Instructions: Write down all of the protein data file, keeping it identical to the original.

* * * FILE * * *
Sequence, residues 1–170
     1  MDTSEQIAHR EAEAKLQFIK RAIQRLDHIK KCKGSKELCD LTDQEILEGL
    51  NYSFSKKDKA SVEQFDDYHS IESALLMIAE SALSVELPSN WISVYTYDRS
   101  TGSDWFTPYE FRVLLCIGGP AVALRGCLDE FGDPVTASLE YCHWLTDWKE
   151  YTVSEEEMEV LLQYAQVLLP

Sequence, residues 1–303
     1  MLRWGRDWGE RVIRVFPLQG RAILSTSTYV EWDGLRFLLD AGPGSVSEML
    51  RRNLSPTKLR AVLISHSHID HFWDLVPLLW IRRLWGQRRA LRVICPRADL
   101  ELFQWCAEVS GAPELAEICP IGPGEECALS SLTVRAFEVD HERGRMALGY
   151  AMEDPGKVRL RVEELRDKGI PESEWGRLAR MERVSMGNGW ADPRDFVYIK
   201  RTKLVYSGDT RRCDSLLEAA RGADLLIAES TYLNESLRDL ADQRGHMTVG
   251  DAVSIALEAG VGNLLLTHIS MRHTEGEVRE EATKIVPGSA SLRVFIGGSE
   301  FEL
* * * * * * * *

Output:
Sequence, residues 1–170
     1  MDTSEQIAHR EAEAKLQFIK RAIQRLDHIK KCKGSKELCD LTDQEILEGL
    51  NYSFSKKDKA SVEQFDDYHS IESALLMIAE SALSVELPSN WISVYTYDRS
   101  TGSDWFTPYE FRVLLCIGGP AVALRGCLDE FGDPVTASLE YCHWLTDWKE
   151  YTVSEEEMEV LLQYAQVLLP

Sequence, residues 1–303
     1  MLRWGRDWGE RVIRVFPLQG RAILSTSTYV EWDGLRFLLD AGPGSVSEML
    51  RRNLSPTKLR AVLISHSHID HFWDLVPLLW IRRLWGQRRA LRVICPRADL
   101  ELFQWCAEVS GAPELAEICP IGPGEECALS SLTVRAFEVD HERGRMALGY
   151  AMEDPGKVRL RVEELRDKGI PESEWGRLAR MERVSMGNGW ADPRDFVYIK
   201  RTKLVYSGDT RRCDSLLEAA RGADLLIAES TYLNESLRDL ADQRGHMTVG
   251  DAVSIALEAG VGNLLLTHIS MRHTEGEVRE EATKIVPGSA SLRVFIGGSE
   301  FEL